New Delhi: Indian women aged 15 to 29 years and those with more years in school gave birth at shorter, unsafe intervals over the decade to 2015-16, shows an IndiaSpend analysis of health data.
Birth intervals--the time between two successive live births--of less than 24 months may lead to low birth weight and death of a child, according to the 2015-16 report of the National Family Health Survey (NFHS).
The optimal birth interval to reduce neonatal and infant mortality is three to five years, according to global research (here and here). In India, spacing between births for women aged 15-29 years worsened from 25 months to 22.5 months over 10 years, we found.
The median interval between two live births fell by 2.5 months to 22.5 months in 2015-16 from 25 months in 2005-06 for women aged 15-19 years and by 6 days to under 29 months from 29 months for women aged 20-29 years, according to our analysis of data from 2005-06 and 2015-16.
“It is difficult to comment without looking at disaggregated NFHS data, which has not been released yet for 2015-16,” said a New Delhi-based demographer, requesting anonymity. “We will need to look at how many of the earlier born children to women in the 15-19 age group were alive or dead and then check for confounding factors. With India's high neonatal mortality rate, it is possible that median birth intervals in younger women have gone up among those whose children died soon after being born.”
The legal age for marriage in India is 18 for women and 21 for men. Underage marriages, especially of girls, rose in urban India--one in five girls between ages 10 and 17 in urban areas was married in 2011--and while the immediate reasons were not clear, patriarchy and the continuing hold of tradition are implicated, as IndiaSpend reported on June 9, 2017. By age 22, 56% of women were married, according to an ongoing global study of childhood poverty in Andhra Pradesh and Telangana, IndiaSpend reported on November 17, 2017.
Overall, the median gap between successive live births rose by 27-28 days for women aged 15 to 49 years.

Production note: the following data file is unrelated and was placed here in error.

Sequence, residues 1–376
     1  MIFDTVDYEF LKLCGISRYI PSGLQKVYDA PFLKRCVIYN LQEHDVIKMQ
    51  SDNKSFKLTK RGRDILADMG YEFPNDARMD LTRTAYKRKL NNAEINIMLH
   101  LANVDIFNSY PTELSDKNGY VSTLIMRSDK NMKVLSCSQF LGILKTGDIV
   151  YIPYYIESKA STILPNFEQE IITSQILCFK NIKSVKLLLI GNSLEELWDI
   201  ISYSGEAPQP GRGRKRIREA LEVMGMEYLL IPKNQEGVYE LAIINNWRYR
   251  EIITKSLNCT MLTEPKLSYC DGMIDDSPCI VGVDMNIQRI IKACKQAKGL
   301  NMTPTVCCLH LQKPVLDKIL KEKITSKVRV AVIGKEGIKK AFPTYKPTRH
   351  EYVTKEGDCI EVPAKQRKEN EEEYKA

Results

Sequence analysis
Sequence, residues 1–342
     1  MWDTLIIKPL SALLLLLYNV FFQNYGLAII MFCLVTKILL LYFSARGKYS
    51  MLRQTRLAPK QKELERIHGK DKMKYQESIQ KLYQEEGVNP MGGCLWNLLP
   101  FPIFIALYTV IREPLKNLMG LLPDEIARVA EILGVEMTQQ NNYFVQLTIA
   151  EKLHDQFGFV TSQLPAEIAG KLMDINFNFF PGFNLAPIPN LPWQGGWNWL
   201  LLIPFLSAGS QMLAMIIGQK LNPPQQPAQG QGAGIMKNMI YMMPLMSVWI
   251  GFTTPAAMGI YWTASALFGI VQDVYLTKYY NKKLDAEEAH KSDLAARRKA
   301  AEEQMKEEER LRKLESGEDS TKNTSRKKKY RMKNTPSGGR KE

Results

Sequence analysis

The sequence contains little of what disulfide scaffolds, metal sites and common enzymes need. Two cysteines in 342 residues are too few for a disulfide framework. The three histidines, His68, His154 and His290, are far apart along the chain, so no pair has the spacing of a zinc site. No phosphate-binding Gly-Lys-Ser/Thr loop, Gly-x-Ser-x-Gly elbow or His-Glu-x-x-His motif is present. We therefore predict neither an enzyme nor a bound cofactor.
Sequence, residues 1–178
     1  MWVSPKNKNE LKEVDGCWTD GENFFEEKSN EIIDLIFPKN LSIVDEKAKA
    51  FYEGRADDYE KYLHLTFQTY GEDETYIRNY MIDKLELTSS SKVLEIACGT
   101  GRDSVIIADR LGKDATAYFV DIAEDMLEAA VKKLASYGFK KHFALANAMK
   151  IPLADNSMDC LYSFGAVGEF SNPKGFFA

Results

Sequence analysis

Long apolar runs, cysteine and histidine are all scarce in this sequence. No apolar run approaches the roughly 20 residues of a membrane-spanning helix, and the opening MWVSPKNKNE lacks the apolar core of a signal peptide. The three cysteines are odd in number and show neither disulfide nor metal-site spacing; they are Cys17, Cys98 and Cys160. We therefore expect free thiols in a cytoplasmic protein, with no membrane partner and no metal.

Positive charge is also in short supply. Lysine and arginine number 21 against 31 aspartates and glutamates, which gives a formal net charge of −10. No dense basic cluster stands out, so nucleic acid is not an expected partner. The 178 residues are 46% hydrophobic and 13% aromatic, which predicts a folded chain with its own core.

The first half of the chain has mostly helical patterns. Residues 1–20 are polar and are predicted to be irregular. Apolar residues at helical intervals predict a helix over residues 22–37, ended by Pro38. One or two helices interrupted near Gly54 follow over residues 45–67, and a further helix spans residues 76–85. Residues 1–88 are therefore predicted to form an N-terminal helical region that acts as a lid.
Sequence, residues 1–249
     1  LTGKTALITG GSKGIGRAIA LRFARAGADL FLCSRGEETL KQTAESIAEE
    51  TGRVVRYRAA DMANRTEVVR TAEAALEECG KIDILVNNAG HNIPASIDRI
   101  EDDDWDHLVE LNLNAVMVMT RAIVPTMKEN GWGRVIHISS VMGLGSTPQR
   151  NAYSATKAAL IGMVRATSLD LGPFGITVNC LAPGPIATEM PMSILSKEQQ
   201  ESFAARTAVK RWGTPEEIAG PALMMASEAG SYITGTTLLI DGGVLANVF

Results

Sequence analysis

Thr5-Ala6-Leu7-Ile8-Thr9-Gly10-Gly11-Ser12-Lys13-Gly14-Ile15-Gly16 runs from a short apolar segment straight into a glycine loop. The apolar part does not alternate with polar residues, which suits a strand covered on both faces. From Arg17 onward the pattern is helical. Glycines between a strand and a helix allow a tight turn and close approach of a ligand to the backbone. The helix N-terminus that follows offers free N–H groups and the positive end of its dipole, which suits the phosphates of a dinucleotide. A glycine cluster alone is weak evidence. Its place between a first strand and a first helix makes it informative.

Women with highest education levels was the only group that saw birth intervals worsen by 24-25 days to under 36 months in 2015-16 from 36.5 months in 2005-06.
Only women in the poorest 20% households gave birth at shorter intervals in the decade to 2015-16, with the median gap worsening by 15 days to under 31 months from over 31 months.
Families are smaller, but they want at least one son
A higher share of Indians in urban areas and with higher years of schooling reported a preference for sons in the decade to 2015-16.
While the share of women with up to five years of schooling saying they preferred more sons than daughters fell by over 2 percentage points, it rose by 1-3 percentage points for those who spent eight or more years in school.
Among men, while the share of those with up to five years of schooling saying they preferred more sons fell by up to 4 percentage points, it rose by up to 3 percentage points among those who spent eight or more years in school.
In urban areas, a higher share of men and women said they wanted more sons than daughters. While the number of urban men preferring a son rose by 3 percentage points to 16.4% in 2015-16 from 13.6% in 2005-06, that of urban women wanting more sons increased by 0.2 percentage points to 14.2% from 14%.
“Essentially, you are talking about the interval between second and first birth or third and second birth (may be very few cases),” said Rajib Acharya, associate at the India branch of the Population Council, a think tank. “With rising age at marriage, this group of girls aged 15-19 consists of more disadvantaged girls in 2016 compared to 2006. So, it is not unusual if you see a decline in birth interval over the years.”
“As for reporting of the desire for more sons than daughters is concerned, I am not again surprised by the increase among more educated women,” said Acharya. Fertility has “considerably declined” among this group, he explained, and is now less than replacement level--2.2 children per woman--or the stage at which populations stabilise.
The normative preference--Indians still believe having a son is better than a daughter--for sons is still same, argued Acharya. Family sizes are falling, but it is more likely families want at least one son. “Hence you see a slight increase in son preference among those who reside in urban areas or those who are educated beyond a certain level,” he said.
India’s sex ratio for first-borns was 1.82 boys for each girl and for fourth-borns 1.51 in 2015-16, compared with the ideal of 1.05, according to the Economic Survey 2017-18.
|Sex Ratio At Last Child|
|Child No||Sex Ratio At Last Child||Ideal Sex Ratio At Last Child|
Source: Economic Survey 2017-18
(Vivek is an analyst with IndiaSpend.)
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